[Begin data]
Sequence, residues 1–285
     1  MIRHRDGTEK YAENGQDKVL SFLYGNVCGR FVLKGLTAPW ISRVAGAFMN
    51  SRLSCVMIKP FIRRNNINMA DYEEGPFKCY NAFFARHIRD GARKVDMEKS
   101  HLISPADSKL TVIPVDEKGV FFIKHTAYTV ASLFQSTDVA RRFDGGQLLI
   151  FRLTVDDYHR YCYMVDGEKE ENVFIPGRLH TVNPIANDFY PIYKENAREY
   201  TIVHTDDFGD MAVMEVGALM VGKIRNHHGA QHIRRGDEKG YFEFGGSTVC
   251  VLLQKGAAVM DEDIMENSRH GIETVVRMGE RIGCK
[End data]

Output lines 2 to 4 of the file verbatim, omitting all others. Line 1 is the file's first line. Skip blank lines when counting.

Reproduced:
     1  MIRHRDGTEK YAENGQDKVL SFLYGNVCGR FVLKGLTAPW ISRVAGAFMN
    51  SRLSCVMIKP FIRRNNINMA DYEEGPFKCY NAFFARHIRD GARKVDMEKS
   101  HLISPADSKL TVIPVDEKGV FFIKHTAYTV ASLFQSTDVA RRFDGGQLLI